`guvectorized`: No performance difference between targets `cpu` and `parallel`? `cuda` even slower. `vectorize` faster?

Long story short: Am I using guvectorized wrong?


I have just benchmarked a relatively simple workload for both vectorize and guvectorize across all targets (cpu, parallel and cuda) across different sizes of input arrays.

On the vectorize size, stuff is as expected: For sufficiently large input arrays, I can saturate all my cores with target parallel. Performance scales accordingly. cuda is yet a little faster than all the CPU cores, again as expected.

guvectorized for targets cpu and parallel is basically as fast as vectorize for target cpu. It does not benefit from multiple cores, with and without the use of prange? Even more interestingly, when I switch guvectorized to target cuda, it gets more than a solid order of magnitude slower than a single CPU core?


Test workload looks somewhat like this:

COMPLEXITY = 2 ** 11

@jit(*args, **kwargs)
def helper(scalar: float) -> float:
    res: float = 0.0
    for idx in range(COMPLEXITY):
        if idx % 2 == round(scalar) % 2:
            res += sin(idx)
        else:
            res -= cos(idx)
    return res

@vectorize(*args, **kwargs)
def v_main(d: float) -> float:
    return helper(d)

@guvectorize(*args, **kwargs)
def gu_main(d, r):
    for idx in [nb.p]range(d.shape[0]):
        r[idx] = helper(d[idx])

Full self-contained notebook with all implementations, benchmark and plots of the results.

Summary: I did not understand how to use it correctly …


Assuming that I have something along the following lines:

@numba.guvectorize('void(f8[:],f8[:])', '(n)->(n)', target = 'parallel')
def gu_main(d: float, r: float):
    for idx in range(d.shape[0]):
        r[idx] = helper(d[idx])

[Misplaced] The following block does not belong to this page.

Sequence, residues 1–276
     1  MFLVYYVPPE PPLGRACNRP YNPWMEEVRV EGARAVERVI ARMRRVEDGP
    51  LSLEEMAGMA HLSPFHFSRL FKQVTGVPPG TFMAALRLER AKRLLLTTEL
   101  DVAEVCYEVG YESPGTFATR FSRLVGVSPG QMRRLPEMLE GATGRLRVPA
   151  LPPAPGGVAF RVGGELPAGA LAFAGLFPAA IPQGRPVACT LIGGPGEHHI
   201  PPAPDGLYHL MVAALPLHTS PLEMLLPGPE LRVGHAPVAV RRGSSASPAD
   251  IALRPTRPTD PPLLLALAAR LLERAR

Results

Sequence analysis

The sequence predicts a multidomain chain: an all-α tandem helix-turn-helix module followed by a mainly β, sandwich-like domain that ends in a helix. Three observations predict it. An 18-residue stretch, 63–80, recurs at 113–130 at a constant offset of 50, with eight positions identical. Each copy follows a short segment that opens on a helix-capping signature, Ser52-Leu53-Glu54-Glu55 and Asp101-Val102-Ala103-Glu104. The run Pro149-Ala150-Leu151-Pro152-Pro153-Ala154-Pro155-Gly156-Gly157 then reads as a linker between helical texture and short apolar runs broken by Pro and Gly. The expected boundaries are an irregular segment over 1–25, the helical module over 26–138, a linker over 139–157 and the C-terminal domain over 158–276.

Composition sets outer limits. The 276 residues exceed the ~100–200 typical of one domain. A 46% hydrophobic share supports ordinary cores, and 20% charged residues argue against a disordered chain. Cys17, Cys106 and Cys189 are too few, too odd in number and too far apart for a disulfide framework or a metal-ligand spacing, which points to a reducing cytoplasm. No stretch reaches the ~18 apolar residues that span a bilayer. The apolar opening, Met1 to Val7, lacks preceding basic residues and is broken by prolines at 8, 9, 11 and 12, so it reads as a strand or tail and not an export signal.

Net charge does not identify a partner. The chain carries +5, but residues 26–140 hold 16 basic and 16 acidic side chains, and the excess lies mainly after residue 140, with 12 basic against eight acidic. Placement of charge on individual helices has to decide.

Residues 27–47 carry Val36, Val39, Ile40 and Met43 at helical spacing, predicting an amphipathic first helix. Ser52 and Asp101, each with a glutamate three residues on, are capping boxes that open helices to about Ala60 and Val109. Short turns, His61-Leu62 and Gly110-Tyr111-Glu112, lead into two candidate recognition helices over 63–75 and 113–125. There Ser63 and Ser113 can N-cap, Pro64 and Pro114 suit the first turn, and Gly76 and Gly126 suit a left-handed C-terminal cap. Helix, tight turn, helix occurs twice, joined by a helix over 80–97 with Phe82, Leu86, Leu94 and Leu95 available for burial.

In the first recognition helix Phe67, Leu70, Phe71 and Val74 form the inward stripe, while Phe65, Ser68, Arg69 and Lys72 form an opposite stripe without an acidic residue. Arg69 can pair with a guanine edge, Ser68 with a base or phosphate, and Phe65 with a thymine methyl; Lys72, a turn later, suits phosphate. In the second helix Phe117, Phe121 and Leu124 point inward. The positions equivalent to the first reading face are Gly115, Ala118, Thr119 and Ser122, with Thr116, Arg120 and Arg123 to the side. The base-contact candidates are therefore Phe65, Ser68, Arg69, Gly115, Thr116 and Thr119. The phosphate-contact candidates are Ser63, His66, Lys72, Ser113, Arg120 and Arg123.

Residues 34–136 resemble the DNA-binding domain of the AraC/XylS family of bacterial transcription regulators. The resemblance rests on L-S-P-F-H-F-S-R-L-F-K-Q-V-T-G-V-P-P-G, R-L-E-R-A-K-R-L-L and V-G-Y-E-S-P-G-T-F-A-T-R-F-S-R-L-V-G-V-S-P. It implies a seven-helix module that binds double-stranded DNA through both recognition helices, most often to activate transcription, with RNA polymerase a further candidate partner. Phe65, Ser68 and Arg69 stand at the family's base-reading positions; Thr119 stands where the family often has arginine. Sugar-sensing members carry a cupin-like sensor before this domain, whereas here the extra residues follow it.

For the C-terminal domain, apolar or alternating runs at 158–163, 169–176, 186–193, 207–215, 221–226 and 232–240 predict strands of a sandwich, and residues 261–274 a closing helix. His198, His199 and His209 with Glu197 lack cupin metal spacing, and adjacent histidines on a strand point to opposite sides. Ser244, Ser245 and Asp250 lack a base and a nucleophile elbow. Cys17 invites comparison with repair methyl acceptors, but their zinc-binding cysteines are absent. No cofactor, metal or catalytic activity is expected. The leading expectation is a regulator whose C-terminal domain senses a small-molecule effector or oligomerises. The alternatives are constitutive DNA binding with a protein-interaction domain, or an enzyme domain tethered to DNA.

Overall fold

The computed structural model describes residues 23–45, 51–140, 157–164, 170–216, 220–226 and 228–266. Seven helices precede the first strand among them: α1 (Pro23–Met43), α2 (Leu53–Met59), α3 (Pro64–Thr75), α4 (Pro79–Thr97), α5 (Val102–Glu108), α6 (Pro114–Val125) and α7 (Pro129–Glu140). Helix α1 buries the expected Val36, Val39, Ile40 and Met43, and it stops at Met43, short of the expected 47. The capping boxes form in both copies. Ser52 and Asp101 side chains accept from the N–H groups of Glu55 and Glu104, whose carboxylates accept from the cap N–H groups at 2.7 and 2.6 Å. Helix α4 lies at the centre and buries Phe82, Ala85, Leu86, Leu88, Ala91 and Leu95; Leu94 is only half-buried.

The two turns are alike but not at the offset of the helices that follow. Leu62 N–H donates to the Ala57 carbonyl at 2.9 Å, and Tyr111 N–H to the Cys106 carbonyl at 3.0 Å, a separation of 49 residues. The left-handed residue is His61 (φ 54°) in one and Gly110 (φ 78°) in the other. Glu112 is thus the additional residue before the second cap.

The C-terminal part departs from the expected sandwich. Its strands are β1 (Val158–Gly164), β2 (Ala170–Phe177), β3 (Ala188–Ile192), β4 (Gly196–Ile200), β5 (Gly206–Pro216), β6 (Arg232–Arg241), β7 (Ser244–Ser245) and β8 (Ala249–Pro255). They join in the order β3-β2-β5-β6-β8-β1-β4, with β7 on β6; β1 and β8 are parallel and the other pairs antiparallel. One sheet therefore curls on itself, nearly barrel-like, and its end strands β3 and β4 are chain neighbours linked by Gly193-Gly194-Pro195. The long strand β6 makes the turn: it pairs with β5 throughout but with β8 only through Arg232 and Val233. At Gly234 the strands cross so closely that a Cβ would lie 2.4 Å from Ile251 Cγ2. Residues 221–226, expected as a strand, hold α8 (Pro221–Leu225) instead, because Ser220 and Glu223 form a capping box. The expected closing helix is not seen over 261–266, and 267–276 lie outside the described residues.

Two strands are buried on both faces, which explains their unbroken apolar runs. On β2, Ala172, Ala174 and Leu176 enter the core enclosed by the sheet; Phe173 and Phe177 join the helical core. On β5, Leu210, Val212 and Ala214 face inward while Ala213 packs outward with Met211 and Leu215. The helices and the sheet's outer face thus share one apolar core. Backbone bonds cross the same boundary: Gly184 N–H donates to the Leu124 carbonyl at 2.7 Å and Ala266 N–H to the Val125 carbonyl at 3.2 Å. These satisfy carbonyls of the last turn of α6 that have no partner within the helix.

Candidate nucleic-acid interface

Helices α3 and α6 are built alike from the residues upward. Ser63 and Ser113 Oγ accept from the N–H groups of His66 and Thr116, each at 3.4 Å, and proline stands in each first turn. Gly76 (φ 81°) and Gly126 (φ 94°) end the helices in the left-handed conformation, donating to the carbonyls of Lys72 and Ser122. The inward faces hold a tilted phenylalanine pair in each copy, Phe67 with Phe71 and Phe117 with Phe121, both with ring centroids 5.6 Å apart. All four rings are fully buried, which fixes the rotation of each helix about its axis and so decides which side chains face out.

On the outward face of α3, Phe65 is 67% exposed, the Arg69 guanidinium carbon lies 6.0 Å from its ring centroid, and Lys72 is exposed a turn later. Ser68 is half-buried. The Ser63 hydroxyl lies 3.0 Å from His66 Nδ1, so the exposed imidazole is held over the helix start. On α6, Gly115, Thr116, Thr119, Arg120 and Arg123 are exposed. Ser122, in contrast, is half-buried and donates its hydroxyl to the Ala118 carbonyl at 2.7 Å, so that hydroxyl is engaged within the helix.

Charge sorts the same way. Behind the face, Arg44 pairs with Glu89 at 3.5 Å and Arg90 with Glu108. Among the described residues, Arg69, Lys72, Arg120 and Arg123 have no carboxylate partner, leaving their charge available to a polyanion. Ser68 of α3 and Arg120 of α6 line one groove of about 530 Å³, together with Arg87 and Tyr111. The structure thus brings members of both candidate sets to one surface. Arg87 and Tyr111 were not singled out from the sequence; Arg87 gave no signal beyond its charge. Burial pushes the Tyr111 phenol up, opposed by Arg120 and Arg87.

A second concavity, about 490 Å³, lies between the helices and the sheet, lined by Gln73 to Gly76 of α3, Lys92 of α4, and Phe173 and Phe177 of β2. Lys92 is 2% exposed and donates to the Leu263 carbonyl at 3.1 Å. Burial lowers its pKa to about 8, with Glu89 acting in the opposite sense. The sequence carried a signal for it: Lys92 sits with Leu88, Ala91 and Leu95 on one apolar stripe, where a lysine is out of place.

My mistake was to give it an array of ndim == 1, i.e.

numpy.arange(0, size, dtype = 'f8')

If I, on the other hand, give it the following array with ndim > 1

numpy.arange(0, size, dtype = 'f8').reshape(size, 1)

… the parallelization kicks in just as expected for both targets parallel and cuda:

Now I am beginning to understand.


Notebook with complete test

Absolutely not the most intuitive thing to do, but …

@numba.guvectorize('void(f8[:],f8[:])', '()->()', target = 'parallel')
def gu_main(d: float, r: float):
    r[0] = helper(d[0])

… scales just fine for input arrays of ndim == 1. For reference, see numba#2935.

Whatever loops one places inside a function decorated by guvectorize do not get parallelized. That’s key. So my initial workaround simply restricts the loop in my initial function to one iteration, allowing the parallelization on other dimensions to kick in. Before, there was nothing to parallelize: Everything was handled by a sequential for loop inside the function - which perfectly explains the bad benchmark results I initially observed.

Perhaps this could be made a bit more clear in the documentation … ?

The warning that Numba emitted was also pointing to this:

/home/ernst/Desktop/PROJEKTE/prj.TST2/github.poliastro/env310/lib/python3.10/site-packages/numba/cuda/dispatcher.py:488: NumbaPerformanceWarning: Grid size 1 will likely result in GPU under-utilization due to low occupancy.
  warn(NumbaPerformanceWarning(msg))

Perhaps for gufuncs this warning could also point a bit more specifically to the relationship between grid size and the input shape.

I think so - would you be happy to create a PR to add a short section to the gufunc documentation that would help to make this clear please? (perhaps as a subsection of Creating NumPy universal functions — Numba 0.56.0+0.gf75c45a8d.dirty-py3.7-linux-x86_64.egg documentation)

If I can find the right words, I will. Just made a numba dev environment work and sent a little PR (on another subject) your way.

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